Depression subtypes, binge eating, and weight loss in bariatric surgery candidates
Highlights•Depressive symptoms are associated with Binge Eating Disorder diagnosis.•Atypical depressive symptoms associated with highest risk of Binge Eating Disorder.•Patients with atypical depressive symptoms exhibit greater binge eating severity.•Pre-operative depression subtypes did not predict 18-month post-surgical weight-loss.AbstractBackgroundDepression and binge eating disorder (BED) are prevalent among bariatric surgery candidates. Depression subtypes may be differentially related to obesity, such that the atypical subtype predicts poorer outcomes. However, no research has examined depression subtypes, BED, and weight loss in bariatric candidates.ObjectiveTo examine whether presurgical atypical depressive symptoms, compared with no depressive and melancholic depressive symptoms, were associated with higher rates of presurgical BED, binge eating severity, and poorer postsurgical weight loss trajectories among bariatric candidates.SettingAn outpatient Midwest bariatric clinic.MethodsParticipants were 345 adults (aged 46.27 ± 12.78 yr, 76% female; body mass index = 49.84 ± 8.51 kg/m2) who received a presurgical evaluation. Depression subtypes (melancholic, atypical, and no depressive symptoms) were categorized using the Beck Depression Inventory-II. BED diagnosis and severity were evaluated using the Eating Disorder Diagnostic Scale and Binge Eating Scale, respectively. Weight loss trajectories were calculated as percent total weight loss postsurgery.ResultsUsing no depression as the referent, participants reporting melancholic symptoms (odds ratio = 7.60, P < .001 confidence interval95 [2.59–22.28]) and atypical symptoms (odds ratio = 10.11, P < .01 confidence interval95 [2.69–37.94]) were more likely to meet criteria for BED. Patients with atypical depressive symptoms exhibited the highest binge eating severity scores (mean = 23.03). Depression subtypes did not predict percent total weight loss trajectories within 18-months postbariatric surgery.ConclusionsPatients reporting preoperative atypical depressive symptoms were more likely to meet criteria for co-morbid BED diagnosis and have greater binge eating severity but did not have poorer weight loss within 18 months postsurgery. Future studies with longer-term follow-up and corresponding measures of postsurgical depression and binge eating pathology are warranted.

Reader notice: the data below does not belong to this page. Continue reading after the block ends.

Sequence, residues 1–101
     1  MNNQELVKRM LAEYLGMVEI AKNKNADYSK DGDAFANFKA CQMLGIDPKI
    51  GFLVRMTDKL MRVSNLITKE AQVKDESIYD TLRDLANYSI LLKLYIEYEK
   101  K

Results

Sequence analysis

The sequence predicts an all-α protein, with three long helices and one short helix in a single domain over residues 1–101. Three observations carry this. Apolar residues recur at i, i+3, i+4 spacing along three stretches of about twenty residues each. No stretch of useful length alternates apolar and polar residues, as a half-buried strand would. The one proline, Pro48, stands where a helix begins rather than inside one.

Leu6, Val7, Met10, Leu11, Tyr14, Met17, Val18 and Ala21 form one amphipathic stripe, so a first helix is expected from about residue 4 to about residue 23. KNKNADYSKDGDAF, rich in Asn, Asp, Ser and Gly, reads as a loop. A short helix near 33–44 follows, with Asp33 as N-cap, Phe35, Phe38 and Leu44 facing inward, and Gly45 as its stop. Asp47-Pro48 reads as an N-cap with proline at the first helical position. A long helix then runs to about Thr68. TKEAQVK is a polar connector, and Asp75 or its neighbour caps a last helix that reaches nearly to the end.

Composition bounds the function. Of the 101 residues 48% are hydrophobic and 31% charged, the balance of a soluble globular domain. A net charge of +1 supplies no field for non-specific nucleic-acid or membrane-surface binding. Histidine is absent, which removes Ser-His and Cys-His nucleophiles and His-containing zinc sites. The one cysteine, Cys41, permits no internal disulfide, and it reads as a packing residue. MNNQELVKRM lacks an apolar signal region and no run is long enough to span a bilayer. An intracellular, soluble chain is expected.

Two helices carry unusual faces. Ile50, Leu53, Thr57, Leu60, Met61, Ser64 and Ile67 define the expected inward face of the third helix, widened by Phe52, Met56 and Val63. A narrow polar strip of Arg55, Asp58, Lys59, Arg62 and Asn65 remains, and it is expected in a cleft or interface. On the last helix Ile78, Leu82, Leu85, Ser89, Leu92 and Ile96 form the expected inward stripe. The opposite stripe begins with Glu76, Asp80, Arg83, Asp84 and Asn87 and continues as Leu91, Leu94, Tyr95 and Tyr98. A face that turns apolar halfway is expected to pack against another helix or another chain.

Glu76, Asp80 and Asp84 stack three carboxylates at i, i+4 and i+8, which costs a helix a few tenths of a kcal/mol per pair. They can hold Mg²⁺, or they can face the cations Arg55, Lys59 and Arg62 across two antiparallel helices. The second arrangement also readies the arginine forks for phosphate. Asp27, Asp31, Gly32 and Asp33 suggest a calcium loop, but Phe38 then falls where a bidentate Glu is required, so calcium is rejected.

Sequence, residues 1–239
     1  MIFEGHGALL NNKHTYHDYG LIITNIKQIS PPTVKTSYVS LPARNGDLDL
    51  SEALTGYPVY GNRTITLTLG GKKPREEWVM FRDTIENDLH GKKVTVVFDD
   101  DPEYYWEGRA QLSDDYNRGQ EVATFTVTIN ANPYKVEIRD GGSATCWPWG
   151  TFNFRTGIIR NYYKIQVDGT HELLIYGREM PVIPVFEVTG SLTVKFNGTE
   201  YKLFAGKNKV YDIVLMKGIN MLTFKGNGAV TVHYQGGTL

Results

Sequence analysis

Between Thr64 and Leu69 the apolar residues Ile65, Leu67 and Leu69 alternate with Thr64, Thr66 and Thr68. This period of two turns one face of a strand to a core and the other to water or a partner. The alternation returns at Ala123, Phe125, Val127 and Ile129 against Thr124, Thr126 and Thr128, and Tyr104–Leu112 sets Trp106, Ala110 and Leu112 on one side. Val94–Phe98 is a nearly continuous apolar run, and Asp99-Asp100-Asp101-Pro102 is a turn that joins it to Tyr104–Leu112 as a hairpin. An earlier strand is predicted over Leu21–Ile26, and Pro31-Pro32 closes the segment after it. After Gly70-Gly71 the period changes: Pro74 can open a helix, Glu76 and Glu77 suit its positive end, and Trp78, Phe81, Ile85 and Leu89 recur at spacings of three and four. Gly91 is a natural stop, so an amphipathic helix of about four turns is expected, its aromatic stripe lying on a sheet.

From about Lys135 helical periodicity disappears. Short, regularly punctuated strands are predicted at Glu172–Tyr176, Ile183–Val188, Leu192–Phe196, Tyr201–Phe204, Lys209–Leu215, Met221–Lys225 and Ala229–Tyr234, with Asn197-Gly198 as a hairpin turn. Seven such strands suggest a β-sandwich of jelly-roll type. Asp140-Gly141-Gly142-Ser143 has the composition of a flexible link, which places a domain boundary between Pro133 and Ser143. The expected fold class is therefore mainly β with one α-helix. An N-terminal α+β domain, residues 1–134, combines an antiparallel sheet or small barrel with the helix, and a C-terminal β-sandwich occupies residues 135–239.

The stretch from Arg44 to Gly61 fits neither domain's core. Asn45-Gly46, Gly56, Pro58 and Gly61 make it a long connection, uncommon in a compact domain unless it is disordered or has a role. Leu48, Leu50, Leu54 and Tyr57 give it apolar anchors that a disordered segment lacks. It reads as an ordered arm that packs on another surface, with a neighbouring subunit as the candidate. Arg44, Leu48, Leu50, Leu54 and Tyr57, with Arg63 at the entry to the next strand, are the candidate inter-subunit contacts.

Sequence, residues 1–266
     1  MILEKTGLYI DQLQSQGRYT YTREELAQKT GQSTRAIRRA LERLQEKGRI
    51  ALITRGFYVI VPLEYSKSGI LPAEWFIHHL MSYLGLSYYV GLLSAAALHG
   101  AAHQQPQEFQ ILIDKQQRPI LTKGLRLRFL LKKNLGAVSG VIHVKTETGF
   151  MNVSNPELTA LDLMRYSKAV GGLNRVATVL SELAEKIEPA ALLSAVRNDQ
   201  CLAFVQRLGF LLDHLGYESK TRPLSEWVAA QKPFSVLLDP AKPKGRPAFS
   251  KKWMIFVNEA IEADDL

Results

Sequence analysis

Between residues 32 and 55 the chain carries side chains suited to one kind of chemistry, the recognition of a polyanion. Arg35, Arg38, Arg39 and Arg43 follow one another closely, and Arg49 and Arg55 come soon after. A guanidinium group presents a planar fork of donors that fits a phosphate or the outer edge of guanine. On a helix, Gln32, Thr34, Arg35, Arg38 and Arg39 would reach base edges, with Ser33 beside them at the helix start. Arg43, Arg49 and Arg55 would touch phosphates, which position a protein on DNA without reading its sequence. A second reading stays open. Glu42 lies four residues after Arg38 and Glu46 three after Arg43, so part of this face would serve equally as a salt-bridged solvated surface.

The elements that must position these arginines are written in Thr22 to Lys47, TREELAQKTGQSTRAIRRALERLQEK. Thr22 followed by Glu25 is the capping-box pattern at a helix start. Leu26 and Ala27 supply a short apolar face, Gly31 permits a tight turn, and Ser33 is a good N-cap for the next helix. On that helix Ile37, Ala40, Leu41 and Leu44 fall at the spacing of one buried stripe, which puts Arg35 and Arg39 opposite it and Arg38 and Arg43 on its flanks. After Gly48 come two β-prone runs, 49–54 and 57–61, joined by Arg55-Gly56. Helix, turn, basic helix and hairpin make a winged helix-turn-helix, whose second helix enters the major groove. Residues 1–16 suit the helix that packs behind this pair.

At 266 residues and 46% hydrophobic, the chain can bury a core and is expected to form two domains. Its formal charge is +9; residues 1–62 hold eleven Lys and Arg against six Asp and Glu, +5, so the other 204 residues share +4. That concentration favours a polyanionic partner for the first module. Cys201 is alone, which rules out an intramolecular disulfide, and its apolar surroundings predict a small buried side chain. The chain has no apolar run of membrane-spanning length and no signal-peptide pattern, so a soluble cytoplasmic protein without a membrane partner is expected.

(افسردگی)، پرخوری، پرخوری، و کاهش وزن در candidates جراحی پلاستیک